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  1. #1
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    identify

    Can any one tell me if in Pa you have to tell the LEO who just stopped you for a traffic infraction, that you are carrying in your car?

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    Regular Member JustaShooter's Avatar
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    According to http://handgunlaw.us/states/pennsylvania.pdf you do not have a duty to notify when stopped, but looks like you have to produce your license if asked:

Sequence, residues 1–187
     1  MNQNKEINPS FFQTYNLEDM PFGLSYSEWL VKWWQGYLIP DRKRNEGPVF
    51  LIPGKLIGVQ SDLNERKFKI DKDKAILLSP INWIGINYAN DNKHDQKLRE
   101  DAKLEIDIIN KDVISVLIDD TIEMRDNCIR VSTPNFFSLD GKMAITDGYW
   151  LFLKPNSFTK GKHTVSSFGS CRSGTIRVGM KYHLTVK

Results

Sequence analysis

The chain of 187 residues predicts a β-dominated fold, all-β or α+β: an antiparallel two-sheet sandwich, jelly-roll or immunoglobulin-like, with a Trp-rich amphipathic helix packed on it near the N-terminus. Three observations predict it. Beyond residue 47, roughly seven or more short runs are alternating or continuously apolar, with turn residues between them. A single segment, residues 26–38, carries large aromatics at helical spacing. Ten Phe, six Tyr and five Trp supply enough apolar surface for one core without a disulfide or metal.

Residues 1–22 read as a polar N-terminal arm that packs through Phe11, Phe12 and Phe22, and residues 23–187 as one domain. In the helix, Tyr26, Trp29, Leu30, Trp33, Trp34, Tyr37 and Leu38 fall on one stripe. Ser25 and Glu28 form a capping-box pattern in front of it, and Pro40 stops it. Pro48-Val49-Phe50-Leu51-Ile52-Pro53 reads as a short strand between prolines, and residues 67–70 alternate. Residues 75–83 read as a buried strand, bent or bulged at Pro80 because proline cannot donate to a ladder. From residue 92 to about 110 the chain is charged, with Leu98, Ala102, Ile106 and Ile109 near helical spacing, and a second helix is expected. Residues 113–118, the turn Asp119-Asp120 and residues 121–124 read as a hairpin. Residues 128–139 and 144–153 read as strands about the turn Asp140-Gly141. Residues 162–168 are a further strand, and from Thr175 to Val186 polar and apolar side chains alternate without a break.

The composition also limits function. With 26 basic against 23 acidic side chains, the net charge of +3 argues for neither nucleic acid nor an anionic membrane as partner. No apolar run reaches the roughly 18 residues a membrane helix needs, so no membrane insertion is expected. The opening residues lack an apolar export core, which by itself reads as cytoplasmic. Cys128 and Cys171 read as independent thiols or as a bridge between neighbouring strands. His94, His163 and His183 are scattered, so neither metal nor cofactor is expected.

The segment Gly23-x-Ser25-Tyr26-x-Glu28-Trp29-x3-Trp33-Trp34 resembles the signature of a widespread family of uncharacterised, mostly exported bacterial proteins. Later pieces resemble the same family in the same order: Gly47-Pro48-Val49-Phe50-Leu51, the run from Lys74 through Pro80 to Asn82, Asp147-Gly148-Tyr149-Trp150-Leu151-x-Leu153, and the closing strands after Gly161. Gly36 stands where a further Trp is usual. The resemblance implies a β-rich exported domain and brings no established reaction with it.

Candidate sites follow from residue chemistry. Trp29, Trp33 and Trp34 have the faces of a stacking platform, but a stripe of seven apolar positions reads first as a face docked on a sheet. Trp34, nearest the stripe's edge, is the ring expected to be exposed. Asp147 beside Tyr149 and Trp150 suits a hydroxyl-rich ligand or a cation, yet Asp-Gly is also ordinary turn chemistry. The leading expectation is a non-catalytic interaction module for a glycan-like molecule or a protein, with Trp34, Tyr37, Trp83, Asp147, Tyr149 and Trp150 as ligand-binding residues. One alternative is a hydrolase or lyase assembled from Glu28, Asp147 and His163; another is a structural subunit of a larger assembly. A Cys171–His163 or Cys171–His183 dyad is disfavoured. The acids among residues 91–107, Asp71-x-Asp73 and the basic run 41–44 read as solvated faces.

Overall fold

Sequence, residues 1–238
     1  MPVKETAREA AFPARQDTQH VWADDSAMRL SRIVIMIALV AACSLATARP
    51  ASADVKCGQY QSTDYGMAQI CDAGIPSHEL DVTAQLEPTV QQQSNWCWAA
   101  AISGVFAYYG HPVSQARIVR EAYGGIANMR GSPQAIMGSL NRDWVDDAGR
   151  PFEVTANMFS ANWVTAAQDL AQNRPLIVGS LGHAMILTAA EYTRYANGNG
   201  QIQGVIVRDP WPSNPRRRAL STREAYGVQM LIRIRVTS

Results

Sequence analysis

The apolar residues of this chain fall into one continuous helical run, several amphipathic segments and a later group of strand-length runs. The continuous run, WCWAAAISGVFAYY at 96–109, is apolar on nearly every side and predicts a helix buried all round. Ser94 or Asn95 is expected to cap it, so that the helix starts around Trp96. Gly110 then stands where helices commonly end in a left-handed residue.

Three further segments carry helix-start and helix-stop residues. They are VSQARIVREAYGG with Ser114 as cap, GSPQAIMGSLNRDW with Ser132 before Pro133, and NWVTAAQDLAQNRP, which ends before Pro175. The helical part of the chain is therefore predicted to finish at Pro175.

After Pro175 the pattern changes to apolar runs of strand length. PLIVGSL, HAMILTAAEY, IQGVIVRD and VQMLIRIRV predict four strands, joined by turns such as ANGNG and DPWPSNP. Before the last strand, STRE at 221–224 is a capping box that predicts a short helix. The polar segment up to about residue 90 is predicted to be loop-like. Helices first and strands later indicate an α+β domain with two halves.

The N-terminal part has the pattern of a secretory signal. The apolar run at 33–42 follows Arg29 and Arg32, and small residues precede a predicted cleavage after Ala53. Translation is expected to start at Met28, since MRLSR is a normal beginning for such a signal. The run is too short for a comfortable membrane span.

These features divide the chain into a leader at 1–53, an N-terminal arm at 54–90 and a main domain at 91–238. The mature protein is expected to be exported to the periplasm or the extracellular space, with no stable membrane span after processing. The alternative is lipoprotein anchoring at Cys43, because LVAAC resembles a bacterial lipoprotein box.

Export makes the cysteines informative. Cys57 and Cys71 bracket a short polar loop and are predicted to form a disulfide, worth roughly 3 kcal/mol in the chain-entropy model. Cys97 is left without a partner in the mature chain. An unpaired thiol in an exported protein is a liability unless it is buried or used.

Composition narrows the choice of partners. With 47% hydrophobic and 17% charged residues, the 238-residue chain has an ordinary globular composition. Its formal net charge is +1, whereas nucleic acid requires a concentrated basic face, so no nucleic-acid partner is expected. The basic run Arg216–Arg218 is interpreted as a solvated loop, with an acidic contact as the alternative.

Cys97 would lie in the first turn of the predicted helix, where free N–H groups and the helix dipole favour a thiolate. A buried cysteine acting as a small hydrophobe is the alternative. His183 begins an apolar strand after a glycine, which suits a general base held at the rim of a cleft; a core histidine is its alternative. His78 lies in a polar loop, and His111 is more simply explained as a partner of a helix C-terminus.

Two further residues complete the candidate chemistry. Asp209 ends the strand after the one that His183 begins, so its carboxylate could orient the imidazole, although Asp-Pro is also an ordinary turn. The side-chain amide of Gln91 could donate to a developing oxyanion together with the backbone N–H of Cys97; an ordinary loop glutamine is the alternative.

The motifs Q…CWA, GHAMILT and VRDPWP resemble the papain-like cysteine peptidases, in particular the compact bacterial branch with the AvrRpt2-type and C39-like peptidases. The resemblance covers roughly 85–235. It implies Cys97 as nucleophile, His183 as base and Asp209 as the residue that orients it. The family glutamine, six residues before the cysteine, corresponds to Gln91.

Title 18 Part I. Article G. Chapter 61. Subchapter A. § 6122. Proof of License and Exception.
    (a) General Rule.
    --
    When carrying a firearm concealed on or about one's person or in a vehicle, an individual licensed to carry a firearm shall, upon lawful demand of a law enforcement officer, produce the license for inspection. Failure to produce such license either at the time of arrest or at the preliminary hearing shall create a rebuttable presumption of nonlicensure.
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    5th amendment out the window?
    Last edited by davidmcbeth; 04-22-2014 at 09:08 PM.

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    Regular Member Primus's Avatar
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    Quote Originally Posted by davidmcbeth View Post
    5th amendment out the window?
    Looks kinda like it. Not having license in possession means you get a ride apparently. I wonder if producing license later would be a defense.